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UD professors weigh in on social media and memory study

Katie Peikes
Delaware Public Media

Posting on social media boosts the ability to remember past events, according to a new study from Cornell University.

University of Delaware neuroscientist Amy Griffin from the department of psychological and brain sciences says from her own research, memories get stronger the more times they are activated. She said documenting events in real time on social media offers another opportunity to strengthen a memory.

“You’re writing it in the moment,” Griffin said. “So the longer time interval between the experience and when you write about it, it’s also going to be susceptible to decay and distortion and just forgetting the details.”

That’s what Cornell researchers found in their study, “Externalising the autobiographical self: Sharing personal memories online facilitated memory retention”. They asked a group of young adults to keep a daily diary for one week and report if they had posted about any of the events in their diary on social media.

At the end of the week, the participants took a memory test asking them to recall as many events as they could from their diary. The results found sharing personal memories online actually helps people remember them better.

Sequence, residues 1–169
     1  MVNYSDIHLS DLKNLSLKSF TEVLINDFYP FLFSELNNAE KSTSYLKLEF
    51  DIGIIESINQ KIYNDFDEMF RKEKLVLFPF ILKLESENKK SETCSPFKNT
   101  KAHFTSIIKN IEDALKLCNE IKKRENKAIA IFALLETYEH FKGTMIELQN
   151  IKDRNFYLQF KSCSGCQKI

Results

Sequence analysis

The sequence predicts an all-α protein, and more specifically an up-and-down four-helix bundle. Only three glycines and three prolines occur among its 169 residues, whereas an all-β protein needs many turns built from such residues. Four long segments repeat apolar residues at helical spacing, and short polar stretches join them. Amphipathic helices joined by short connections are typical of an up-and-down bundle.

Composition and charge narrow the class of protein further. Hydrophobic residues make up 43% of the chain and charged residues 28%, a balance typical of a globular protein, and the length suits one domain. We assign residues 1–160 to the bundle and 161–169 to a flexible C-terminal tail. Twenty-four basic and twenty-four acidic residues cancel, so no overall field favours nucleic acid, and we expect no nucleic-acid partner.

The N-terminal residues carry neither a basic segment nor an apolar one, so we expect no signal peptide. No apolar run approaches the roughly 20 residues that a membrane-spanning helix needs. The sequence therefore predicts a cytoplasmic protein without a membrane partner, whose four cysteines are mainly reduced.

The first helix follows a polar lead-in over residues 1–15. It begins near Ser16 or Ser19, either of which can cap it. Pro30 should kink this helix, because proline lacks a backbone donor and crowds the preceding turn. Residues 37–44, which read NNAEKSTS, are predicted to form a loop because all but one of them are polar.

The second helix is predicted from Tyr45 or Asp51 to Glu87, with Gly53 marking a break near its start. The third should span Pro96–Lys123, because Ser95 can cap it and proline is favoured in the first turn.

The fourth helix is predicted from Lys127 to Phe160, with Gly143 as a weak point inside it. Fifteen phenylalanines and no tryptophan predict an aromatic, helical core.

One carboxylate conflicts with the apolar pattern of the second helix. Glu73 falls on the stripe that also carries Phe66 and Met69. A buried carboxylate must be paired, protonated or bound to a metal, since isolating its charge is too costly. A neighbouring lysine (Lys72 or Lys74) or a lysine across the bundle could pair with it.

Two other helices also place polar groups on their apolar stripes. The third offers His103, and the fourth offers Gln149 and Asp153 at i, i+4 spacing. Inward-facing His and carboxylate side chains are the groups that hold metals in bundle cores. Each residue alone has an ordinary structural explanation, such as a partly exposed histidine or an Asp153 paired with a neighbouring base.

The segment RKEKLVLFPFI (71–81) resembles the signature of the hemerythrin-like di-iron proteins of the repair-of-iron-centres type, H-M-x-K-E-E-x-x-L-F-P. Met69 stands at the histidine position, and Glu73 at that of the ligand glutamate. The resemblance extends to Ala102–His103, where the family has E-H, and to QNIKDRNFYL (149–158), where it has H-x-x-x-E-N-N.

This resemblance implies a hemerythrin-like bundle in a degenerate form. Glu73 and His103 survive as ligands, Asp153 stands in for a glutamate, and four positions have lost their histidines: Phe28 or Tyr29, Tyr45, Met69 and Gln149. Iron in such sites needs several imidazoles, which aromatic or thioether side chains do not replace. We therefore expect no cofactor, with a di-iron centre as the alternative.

Lindsay Hoffman, the associate director of the Center for Political Communication at University of Delaware, said that makes sense from both a communication and psychological perspective.

“It’s a combination of posting things that matter to you but it’s also this kind of exercise in crafting that message,” Hoffman said. “The mental effort you put towards crafting that message for a social media audience makes it more memorable later on because of how we craft these messages specifically to portray ourselves in a certain light.”

Griffin also points out the immediacy of posting online, or documenting an event in real time, may allow a person to relive their experience more clearly when they revisit it later.

“From my research and my field and what I know is that memories get stronger the more times they’re activated,” Griffin said. “So that, I think, is what is happening based on what i know about how memories are formed and solidified.”

Writing a memory down later may distort it because of the increased time between an event or activity and when it’s recorded, Griffin said. Having social media on hand allows a person to record a memory immediately.

The study on social media and memory is the first of its kind. It’s part of Cornell researchers’ examination for how we construct an online version of ourselves.

Journal reference: Qi Wang, Dasom Lee & Yubo Hou (2016): Externalising the autobiographical self: sharing personal memories online facilitated memory retention, Memory, DOI: 10.1080/09658211.2016.1221115

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